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Next Up - Seton Hall

N&O | N-R |

H-S | GoDuke
Duke faces Seton Hall in the second round of the NIT, and it's an opponent
Duke has an interesting history with, to say the least.

Mike Krzyzewski and former Seton Hall coach P.J. Carlesimo were close
friends, and their teams clashed on the way to the title, with Seton Hall
prevailing after Robert Brickey was injured. Carlesimo went on to carve out his
own unfortunate bit of history when he was throttled by Latrell Sprewell.

Before he left, Bobby and Danny Hurley had a very uncomfortable game against
each other in the NCAA Tournament.

Tommy Amaker left Durham for Seton Hall, where he had a monster recruiting
class, which unfortunately included Eddie Griffin, who managed to blow up first
his high school team and then Seton Hall's.

Former Blue Devil Andre Sweet left Durham for Seton Hall after struggling
academically; he was a senior last year.

Now Seton Hall is led by Amaker's replacement, former Syracuse great Louis
Orr, who has struggled and who is pretty much in the hot seat after a 12-16

He lost a lot of players after last season, but they retain Kelly Whitney,
who can be a force down low, although he had an erratic junior year. He
averaged 11.9 ppg and 6.3 rpg last year, but that was off of his sophomore
performance. On the other hand, he had Andre Barrett to get him the ball
then, and Barrett was an excellent passer.

Senior guard Donald Copeland is a product of Bob Hurley's St. Anthony's, so
you can reasonably expect a sound player. The knock on Copeland is his
shooting: he only hit 34.7% last year.

He'll likely be joined in the backcourt by Jamar Nutter, a 6-2 junior.

If they use the same lineup they used against Manhattan, Whitney will be
joined up front by 6-7 Stan Gaines and 6-10 Marcus Cousin. They also
welcome Mike Pilgrim, a transfer from Cincinnati, promising freshman big man
John Garcia, and David Palmer, who was originally going to go to Illinois before
changing his mind.

He left a program in turmoil to join one with its own issues.

Last season saw several players suspended, including Whitney, a 4-12
conference record, and organized attempts to have Orr fired. His A.D.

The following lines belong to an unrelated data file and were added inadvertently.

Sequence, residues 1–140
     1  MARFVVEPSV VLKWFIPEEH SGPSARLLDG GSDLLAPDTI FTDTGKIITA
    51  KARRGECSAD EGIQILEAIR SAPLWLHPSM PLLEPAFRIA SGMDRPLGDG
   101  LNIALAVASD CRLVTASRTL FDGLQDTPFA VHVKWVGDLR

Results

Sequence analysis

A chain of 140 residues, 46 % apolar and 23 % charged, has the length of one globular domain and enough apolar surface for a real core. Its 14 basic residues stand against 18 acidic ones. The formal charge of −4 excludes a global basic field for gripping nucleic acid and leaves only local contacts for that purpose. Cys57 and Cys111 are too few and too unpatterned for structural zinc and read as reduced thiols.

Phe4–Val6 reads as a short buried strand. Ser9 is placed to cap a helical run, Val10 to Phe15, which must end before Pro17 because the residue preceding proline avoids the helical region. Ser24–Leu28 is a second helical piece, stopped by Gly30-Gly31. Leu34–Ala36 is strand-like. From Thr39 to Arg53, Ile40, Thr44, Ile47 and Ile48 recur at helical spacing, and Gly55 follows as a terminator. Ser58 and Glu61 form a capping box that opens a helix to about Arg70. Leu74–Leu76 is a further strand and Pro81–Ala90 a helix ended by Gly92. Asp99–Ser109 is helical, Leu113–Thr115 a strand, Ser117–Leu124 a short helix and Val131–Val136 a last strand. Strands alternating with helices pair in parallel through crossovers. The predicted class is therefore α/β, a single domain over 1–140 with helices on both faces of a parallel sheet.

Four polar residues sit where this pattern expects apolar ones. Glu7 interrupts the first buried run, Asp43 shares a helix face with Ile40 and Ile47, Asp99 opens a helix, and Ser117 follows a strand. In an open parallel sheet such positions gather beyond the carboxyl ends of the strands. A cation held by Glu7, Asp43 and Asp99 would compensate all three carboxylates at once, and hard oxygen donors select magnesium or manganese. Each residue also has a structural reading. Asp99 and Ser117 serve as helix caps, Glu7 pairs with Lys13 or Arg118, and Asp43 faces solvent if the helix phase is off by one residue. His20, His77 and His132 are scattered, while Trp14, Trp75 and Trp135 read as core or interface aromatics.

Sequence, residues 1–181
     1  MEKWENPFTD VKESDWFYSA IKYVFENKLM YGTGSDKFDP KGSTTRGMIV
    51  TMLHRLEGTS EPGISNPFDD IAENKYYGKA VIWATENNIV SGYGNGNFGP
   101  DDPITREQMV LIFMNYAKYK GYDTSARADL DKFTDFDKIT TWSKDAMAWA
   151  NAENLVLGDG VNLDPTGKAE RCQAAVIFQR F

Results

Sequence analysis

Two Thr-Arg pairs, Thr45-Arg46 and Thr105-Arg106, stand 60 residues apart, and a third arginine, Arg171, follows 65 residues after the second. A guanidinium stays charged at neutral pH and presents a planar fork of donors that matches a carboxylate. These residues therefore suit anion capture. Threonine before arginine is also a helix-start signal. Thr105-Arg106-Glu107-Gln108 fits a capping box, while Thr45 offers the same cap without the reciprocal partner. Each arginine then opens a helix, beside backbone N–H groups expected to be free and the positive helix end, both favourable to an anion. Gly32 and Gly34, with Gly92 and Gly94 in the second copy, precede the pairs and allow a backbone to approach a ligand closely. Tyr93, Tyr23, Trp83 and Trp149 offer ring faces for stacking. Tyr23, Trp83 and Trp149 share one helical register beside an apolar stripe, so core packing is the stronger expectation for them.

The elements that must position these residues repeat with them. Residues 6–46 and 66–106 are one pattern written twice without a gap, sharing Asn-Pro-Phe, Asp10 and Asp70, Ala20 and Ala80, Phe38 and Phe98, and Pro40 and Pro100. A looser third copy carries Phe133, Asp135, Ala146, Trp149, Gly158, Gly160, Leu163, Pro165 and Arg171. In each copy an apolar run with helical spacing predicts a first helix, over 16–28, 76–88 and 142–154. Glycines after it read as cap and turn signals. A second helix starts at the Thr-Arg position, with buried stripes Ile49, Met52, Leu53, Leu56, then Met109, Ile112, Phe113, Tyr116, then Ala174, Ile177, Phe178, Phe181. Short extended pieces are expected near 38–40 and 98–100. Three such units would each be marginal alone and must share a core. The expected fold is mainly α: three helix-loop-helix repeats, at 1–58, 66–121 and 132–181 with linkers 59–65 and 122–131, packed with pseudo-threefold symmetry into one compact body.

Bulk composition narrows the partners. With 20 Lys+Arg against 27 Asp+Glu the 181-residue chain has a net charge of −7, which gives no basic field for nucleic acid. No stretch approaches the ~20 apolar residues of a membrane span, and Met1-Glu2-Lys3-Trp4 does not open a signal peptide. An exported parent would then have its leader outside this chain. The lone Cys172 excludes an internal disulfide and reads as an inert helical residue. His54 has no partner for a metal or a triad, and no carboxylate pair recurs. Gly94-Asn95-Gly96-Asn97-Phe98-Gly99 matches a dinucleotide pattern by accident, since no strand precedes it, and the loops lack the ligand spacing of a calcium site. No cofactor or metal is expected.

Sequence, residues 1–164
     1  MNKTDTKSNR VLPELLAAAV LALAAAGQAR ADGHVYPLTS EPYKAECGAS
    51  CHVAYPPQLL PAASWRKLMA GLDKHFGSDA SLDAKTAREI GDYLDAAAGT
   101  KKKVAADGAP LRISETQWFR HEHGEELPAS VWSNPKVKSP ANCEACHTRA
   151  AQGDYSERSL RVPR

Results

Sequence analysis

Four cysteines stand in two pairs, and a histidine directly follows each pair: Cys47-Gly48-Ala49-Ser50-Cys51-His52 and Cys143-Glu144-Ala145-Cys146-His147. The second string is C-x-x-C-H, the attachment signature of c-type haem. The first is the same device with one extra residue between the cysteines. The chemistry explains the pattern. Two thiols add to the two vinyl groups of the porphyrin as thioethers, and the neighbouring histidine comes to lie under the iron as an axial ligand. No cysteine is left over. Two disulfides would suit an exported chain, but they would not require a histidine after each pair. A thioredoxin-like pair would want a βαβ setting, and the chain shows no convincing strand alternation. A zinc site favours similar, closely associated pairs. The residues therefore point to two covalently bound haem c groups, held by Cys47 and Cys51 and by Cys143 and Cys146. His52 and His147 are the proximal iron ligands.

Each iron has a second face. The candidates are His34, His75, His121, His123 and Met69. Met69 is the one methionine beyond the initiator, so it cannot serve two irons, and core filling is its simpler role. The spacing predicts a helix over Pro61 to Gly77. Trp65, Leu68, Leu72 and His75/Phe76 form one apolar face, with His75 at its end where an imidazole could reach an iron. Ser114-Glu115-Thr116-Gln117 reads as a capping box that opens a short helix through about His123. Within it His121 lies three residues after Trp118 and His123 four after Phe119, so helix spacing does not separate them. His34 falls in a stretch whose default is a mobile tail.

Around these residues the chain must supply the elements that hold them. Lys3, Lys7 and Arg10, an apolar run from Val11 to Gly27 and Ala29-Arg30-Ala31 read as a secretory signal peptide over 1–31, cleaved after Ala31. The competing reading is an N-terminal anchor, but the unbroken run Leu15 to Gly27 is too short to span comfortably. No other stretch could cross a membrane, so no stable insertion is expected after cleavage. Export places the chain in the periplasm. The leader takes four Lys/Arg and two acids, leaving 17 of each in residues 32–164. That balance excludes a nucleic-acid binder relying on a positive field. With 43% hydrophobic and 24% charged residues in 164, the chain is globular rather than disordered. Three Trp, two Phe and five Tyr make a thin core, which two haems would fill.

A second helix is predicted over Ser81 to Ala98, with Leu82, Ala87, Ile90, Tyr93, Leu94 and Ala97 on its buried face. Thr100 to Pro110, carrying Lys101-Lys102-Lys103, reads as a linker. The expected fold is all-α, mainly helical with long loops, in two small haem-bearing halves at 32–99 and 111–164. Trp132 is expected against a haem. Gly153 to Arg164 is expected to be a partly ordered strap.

resigned instead, and who knows how he'll do with a new one. That's always
a wild card.

Aside from everything else, Seton Hall faces a radically restructured Big
East. Do they at least get a break from the dysfunctional schedule?

Their nonconference schedule isn't too bad, with the tough games being at
N.C. State and at Richmond.

In the brave new world of the Big East, they play Rutgers and St. John's
twice, as their big rivals, South Florida twice, in a break, Marquette at home -
actually the schedule is too stupid to even go through it all. Suffice it to say
one game against UConn, one against Syracuse, and one against Villanova is a
pretty substantial present for Orr.

So, too, would be a victory over Duke in Cameron. After watching B.U.
give Duke all it could handle, Orr may think his team has a particular shot - or
he may believe, in his heart of hearts, that Duke is going to come out with a
metaphorical 2x4 looking to hurt someone.

Given Duke's history after less-than-great performances, we would expect a
very intense effort. As we said earlier, incorporating half a team will
take some time, but if we had to guess, we'd think they are working overtime to
get Josh McRoberts to play a more relaxed game - maybe it was just us, but we
thought he was wound kind of tight against Central and also B.U. - and to get
DeMarcus Nelson to not feel he has to challenge the big men on a regular basis.

And we would also expect Duke to pound the ball in to Shelden Williams

repeatedly, and don't be surprised if either half starts with the ball delivered
to him four or five times in a row.

Whatever happens scorewise, look for an extremely intense effort from the
Blue Devils.